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Now an area of Clydebank, Kilbowie was once a farm. In the old seventeenth century Blaeu/Pont map, it is spelt Coulbuy. This suggests that in this case it would be wrong to think that 'Kil' had its usual meaning of 'church'. It seems to be a corruption of Gaelic cul, meaning 'back slope of hill'. Buidhe (pronounced boo-eh) is the Gaelic for 'yellow'/'yellow-ish', and so 'Kilbowie' means 'yellowish hill back slope'. The pronunciation kill bough [as in tree]-eh is a comparatively modern development.

Kilbowie Road, in Clydebank, is a main thoroughfare running north/south through the town on a route that includes the slope that is signified in the name.



Kilpatrick was one of the original medieval parishes, and a fairly large one, with its parish kirk situated more or less where the present building with attached burial ground stands today in the village of Old Kilpatrick. The place name suggests that there was some strong connection with St Patrick (as had a number of places in Scotland), commemorated in the dedication of the church. The name is made up of Gaelic cill (="church" or "monk's cell"), and the name of the saint, Patrick.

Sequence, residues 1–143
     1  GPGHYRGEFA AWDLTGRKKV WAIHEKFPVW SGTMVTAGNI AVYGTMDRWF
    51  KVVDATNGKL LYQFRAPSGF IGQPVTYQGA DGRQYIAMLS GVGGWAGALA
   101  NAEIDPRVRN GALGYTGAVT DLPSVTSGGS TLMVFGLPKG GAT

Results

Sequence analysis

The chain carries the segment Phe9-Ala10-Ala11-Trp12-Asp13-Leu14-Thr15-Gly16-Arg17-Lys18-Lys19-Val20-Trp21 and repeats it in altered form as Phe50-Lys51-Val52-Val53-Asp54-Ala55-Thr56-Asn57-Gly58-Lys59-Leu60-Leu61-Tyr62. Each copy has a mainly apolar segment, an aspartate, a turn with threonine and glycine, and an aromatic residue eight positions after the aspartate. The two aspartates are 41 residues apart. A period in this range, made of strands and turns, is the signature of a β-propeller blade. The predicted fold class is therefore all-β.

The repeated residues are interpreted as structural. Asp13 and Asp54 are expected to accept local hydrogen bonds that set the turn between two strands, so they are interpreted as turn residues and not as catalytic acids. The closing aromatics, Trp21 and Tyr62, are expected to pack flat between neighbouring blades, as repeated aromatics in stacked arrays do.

In 1649, the large parish was divided into West Kilpatrick, later called Old Kilpatrick, and East Kilpatrick, later called New Kilpatrick.

Information on the name 'Old Kilpatrick'.

Information on the name 'New Kilpatrick'.



  • Kilpatrick Court (Old Kilpatrick) takes its name from its closeness to Old Kilpatrick Parish Church.
  • Kilpatrick Hills - this varied sprawl of craggy hills and moorland stretches from The Long Crags at Dumbarton in a south-westerly direction towards Milngavie. The hills take their name from the old Parish of Kilpatrick to which they belong.
  • Kilpatrick View in Dumbarton is self-explanatory, though the "view" is confined at best to the western fringes of the hills - weather permitting!